Delivering Education Through Text Messages: A More Effective Way to Teach | Opinion

We get texts everyday - from friends, loved ones, and coworkers. What if those same texts could teach us something? What if they could teach everyone, everyday?

During my freshman year at Babson College, I was running a nonprofit called TILE ( and doing work with a group of students in Yemen. I was trying to figure out how to get educational resources to the most remote areas of the war-torn country, and soon learned that I couldn't send textbooks or even deliver online courses because Yemen's access to internet is extremely limited.

After banging my head against a wall for months, I figured out that the most effective way to deliver education would be through text messages. While only a fraction of the world has consistent internet access, over two-thirds have access to SMS.

What a text from Arist looks like. Arist

As a teaching medium, I came across studies from Stanford and Penn State that showed texts are amongst the most effective ways to learn and retain information. If you're wondering why, it's because texts meet users where they're at (on their phones) and break down concepts into bite-size chunks.

To test the idea, I worked with my close friend, Riley Wilson, and a few professors at Babson to develop the first text message course, which focused on entrepreneurship, and then ran a study with over two hundred students. The response was overwhelmingly positive, with the vast majority of students liking text message learning more than any other form of digital learning.

You might be wondering how a "text message course" actually works. Every morning, students were texted about two screen-lengths worth of content (around 1,000 characters) explaining a certain concept or case study in depth, typically ending with an assessment. (You can try out a course here:

I recruited two co-founders to make something greater out of the idea, and we began to build Arist (short for Aristotle), the first text message learning platform.

At this point, it's probably important to mention that our team was entirely remote for the first seven months of the company. Ryan Laverty, one of my co-founders, had been my roommate for over a year and was now spending the semester in San Francisco. Joe Passanante, our other co-founder and the one responsible for building out the platform, was a longtime friend of Ryan's who I had actually never met in person. I wouldn't recommend this approach for everyone, but we ended up working really well together.

When you're working remote, the hardest part is staying on the same page when you're apart all day and making sure everyone is balancing everything well. It's important to communicate constantly, keep a cadence of updates and transparency, and have very clearly defined roles and responsibilities. Occasional team dinners over Zoom and phone calls just to say "What's up?" never hurt either.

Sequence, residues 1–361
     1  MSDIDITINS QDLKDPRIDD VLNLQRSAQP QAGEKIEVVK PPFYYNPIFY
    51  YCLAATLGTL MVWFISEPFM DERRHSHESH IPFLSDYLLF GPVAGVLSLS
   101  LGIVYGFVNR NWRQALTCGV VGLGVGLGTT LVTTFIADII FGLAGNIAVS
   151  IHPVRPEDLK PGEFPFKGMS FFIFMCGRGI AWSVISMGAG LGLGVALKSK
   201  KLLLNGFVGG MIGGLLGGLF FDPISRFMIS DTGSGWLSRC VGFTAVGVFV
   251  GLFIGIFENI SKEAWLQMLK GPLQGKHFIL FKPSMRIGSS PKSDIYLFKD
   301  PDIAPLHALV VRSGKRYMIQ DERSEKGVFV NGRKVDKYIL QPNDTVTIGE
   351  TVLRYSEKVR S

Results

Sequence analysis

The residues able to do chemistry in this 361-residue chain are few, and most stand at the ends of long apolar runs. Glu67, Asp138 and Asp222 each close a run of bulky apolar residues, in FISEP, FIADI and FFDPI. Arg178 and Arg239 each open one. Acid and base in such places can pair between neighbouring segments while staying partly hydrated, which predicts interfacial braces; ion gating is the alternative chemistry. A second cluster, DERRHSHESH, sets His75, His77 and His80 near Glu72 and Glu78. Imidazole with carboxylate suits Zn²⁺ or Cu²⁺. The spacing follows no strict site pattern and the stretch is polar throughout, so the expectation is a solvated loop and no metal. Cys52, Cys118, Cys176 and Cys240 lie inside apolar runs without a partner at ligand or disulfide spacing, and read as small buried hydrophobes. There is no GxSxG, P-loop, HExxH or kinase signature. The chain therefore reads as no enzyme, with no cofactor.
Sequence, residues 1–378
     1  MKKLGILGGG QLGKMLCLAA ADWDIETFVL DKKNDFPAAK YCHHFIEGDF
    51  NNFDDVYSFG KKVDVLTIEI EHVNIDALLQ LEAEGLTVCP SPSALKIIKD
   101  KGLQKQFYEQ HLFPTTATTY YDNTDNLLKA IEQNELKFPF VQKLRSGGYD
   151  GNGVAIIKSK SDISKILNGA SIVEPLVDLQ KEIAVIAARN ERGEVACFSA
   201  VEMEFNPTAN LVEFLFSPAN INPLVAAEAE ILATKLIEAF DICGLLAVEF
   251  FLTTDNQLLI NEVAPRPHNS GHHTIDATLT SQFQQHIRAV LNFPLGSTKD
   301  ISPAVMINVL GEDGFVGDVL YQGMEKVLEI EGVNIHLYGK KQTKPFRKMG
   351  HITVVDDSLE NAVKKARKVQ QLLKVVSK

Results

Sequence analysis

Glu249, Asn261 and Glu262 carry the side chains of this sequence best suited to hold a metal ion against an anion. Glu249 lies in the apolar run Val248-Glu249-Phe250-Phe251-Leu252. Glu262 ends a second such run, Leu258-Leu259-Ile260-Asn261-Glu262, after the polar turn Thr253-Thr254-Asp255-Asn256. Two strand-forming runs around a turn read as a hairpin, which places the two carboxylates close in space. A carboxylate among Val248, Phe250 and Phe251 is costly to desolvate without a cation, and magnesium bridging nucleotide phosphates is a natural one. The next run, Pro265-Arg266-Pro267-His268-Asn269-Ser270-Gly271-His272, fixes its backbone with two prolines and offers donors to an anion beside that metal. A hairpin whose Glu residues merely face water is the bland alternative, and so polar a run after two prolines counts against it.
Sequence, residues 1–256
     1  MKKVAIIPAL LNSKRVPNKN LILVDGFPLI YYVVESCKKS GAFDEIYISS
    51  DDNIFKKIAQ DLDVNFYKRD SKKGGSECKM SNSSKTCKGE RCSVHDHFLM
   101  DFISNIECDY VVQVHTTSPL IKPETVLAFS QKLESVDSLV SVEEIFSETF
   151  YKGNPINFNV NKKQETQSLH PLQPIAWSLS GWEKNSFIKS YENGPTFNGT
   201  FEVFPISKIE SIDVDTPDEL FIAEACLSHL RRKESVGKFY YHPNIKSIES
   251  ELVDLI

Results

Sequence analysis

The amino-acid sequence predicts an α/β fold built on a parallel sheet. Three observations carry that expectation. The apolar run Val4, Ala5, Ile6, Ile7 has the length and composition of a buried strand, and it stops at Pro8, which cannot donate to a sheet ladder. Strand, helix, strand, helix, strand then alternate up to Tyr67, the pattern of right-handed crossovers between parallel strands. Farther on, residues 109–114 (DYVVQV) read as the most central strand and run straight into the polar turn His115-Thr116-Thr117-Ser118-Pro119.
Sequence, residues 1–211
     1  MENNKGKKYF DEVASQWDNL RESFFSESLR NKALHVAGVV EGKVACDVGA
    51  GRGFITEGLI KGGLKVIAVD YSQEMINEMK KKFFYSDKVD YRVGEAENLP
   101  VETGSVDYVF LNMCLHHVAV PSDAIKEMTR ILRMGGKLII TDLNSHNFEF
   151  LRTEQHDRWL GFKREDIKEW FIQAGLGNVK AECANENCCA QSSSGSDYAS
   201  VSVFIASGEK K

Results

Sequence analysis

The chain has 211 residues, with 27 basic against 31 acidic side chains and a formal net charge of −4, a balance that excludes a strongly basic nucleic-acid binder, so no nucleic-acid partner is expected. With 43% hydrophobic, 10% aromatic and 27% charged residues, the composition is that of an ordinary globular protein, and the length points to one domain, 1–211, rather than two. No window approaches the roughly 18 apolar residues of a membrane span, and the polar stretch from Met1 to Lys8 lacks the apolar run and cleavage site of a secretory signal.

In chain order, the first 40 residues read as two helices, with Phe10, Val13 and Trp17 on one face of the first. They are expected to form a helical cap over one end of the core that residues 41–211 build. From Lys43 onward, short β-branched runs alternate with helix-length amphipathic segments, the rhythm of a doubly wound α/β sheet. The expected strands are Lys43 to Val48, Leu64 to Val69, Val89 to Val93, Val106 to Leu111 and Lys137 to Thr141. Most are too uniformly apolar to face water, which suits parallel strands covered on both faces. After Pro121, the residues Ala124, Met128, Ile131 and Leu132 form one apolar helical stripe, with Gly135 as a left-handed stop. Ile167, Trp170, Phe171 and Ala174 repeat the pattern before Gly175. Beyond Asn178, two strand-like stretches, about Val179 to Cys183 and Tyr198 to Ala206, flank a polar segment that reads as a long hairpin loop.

We spent months testing different use cases and verticals and found that, in addition to being an amazing teaching tool abroad, texts could change education as we know it right at home. For example, for corporate training officers looking to train thousands of employees, Arist was a perfect solution. We realized that we needed to focus, and decided to pursue the corporate training market before jumping into other use cases.

After seven months, summer came and our team finally got together to start working full-time in Boston, in a Babson College accelerator called Summer Venture Program. We started having conversations with Fortune 500 clients, ramping up product development, and making a lot of changes to our platform based on what our customers and users were saying.

Arist Team
The Arist team - from left to right, Ryan Laverty, Maxine Anderson, Joe Passanante, and Michael Ioffe – at Babson College’s Summer Venture Program. Arist

It's important to remember that startups have a lot of ups and downs. You could land a huge pilot from a large company and then have the whole system go down -- it's all about being prepared for anything. When we first launched our platform, our email system crashed and we couldn't get emails for two weeks, missing out on tons of leads. It was devastating, but dwelling too much on the error would have also killed our rate of progress. We realized that as long as we seriously considered feedback from our mentors, kept putting our next foot forward, and focused on the future, we could overcome anything.

As well, putting faith in team and mission rather than day to day accomplishments was the only way we were able to persevere and do long-distance for so long. We trusted each other and had the same core values, and if you enjoy the people you're creating with and believe in where you're going, everything else can be figured out. That's where the fun part is: building something people love alongside people you enjoy being around and empowering.

Michael Ioffe is a rising junior at Babson College and one of the founders of Arist.